Health chiefs are urging Britons to get jabbed as soon as possible amid warnings up to 60,000 people could die from flu this winter.
Experts fear a massive surge in cases because social distancing measures kept infections low last year, reducing population immunity.
The Government has launched the biggest flu programme in the history of the NHS, with more than 35 million people in England eligible for a free vaccine.
Covid booster jabs are also being rolled out, with around 1.7 million people given these third jabs so far and around 28 million people in England eligible.
Health Secretary Sajid Javid is calling on people to protect themselves against both viruses after experts predicted high infection rates could push the health service to breaking point.
It comes as colder weather and darker evenings lead to increased social contact indoors, making it easier for the viruses to spread.
The Covid booster must be given no earlier than six months after a second dose of any coronavirus vaccine, according to guidance from the Joint Committee on Vaccination and Immunisation (JCVI).
Health chiefs are urging Britons to get jabbed as soon as possible amid warnings up to 60,000 people could die from flu this winter [Stock image]
Professor Jonathan Van-Tam (pictured), England’s Deputy Chief Medical Officer, said: ‘Not many people got flu last year because of Covid-19 restrictions, so there isn’t as much natural immunity in our communities as usual [File photo]
Millions of people who are eligible for a Covid booster vaccine have not had their third dose yet
Millions of people who are eligible for a Covid booster vaccine have not yet had their third dose, official figures suggest.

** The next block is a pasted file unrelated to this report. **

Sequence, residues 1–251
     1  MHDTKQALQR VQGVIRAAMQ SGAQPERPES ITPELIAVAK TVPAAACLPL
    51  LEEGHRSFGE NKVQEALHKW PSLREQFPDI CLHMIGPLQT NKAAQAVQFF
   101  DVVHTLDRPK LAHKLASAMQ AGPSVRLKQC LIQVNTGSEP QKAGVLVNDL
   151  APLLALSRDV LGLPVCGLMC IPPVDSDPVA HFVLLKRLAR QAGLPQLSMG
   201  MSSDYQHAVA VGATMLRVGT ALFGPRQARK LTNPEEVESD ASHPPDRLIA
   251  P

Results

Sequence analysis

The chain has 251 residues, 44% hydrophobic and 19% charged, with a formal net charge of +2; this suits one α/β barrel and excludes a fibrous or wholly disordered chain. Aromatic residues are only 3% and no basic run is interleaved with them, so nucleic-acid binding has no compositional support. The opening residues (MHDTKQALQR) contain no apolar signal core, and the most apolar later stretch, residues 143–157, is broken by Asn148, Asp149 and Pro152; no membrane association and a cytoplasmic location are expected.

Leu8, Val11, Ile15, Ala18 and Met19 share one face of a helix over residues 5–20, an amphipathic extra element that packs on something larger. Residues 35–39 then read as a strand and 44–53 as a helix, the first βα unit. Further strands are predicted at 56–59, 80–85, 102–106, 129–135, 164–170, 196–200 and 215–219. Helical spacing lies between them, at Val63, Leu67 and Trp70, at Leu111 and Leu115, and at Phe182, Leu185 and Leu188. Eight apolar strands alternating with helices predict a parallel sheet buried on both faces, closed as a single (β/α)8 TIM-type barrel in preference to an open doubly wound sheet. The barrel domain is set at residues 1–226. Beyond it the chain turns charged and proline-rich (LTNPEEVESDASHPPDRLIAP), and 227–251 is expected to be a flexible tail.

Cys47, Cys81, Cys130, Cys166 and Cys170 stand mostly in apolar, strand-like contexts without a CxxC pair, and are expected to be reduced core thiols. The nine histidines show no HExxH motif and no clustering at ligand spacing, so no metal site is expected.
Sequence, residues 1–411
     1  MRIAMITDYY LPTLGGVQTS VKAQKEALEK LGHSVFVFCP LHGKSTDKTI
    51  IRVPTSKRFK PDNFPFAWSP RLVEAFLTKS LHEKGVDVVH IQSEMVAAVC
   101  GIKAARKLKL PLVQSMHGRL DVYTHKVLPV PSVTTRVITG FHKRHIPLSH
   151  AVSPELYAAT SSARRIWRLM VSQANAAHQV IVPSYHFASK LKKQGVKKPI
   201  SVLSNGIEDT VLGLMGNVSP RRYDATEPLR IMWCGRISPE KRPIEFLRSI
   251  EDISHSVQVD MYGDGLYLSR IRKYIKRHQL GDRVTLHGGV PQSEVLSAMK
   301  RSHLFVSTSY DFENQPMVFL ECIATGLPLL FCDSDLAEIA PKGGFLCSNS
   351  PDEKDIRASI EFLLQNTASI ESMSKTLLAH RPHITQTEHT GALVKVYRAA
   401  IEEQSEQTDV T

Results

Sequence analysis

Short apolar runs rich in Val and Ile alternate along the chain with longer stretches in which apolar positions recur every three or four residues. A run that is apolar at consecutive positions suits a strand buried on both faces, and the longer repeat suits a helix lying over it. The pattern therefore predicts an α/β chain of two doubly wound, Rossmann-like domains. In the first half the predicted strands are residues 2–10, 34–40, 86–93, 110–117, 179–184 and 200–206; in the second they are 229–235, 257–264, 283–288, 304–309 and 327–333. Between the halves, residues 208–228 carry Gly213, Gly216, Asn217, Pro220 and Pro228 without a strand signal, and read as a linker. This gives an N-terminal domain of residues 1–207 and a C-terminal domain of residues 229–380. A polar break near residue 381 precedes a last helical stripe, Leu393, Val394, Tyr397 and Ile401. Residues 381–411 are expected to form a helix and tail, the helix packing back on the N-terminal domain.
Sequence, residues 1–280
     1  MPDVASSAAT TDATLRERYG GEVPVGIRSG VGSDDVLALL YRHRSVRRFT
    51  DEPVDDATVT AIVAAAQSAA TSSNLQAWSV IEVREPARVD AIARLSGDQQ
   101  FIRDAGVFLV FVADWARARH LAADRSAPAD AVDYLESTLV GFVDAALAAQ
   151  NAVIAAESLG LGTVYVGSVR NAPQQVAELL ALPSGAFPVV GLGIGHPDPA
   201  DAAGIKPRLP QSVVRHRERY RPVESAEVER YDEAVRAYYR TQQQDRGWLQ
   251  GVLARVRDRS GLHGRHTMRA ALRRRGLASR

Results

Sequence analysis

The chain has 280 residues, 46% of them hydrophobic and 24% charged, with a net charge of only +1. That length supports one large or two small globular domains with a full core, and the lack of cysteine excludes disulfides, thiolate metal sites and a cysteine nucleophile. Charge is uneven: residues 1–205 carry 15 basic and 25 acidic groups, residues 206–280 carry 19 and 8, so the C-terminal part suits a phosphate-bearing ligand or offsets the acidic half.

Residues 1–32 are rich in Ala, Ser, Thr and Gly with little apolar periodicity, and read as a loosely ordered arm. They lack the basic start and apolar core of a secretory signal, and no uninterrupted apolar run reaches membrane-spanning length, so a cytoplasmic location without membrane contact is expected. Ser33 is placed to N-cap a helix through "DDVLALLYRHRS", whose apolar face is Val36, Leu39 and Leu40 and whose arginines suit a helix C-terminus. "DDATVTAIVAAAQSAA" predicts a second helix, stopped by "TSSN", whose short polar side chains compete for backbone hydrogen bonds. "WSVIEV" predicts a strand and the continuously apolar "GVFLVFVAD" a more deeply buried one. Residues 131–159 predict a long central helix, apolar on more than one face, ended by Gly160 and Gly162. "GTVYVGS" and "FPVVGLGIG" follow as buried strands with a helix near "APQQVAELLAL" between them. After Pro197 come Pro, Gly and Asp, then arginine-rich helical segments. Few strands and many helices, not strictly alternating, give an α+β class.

Up to 5million people in England currently qualify for a booster jab but only around a third have come forward for one.
It comes after a top Government scientific advisor said he wanted Britain to be ‘more aggressive’ with the rollout to limit the damage of a winter wave of cases.
A total of 1.7million people in England have received a booster since the programme was signed off last month.
Invites are only being sent out to those who received their second dose at least six months ago because that is the ‘sweet spot’ for immunity.
For this reason, the rollout was always expected to be slower than the initial jab blitz, which at its peak saw 800,000 people vaccinated per day.
But official figures show 4.9m people finished their two-dose vaccination schedule six months ago, with the majority meeting the criteria making them eligible for a top-up now.
About 400,000 of the people jabbed half a year ago were immunocompromised and are receiving their third dose on a slightly different schedule. And many people who were vaccinated first originally were elderly and may have passed away in the past six months.
But even when these are discounted, it still leaves millions of eligible and vulnerable people with subpar immunity.
In some regions people may be offered the Covid jab in one arm and the flu vaccine in the other, although this will not be available everywhere.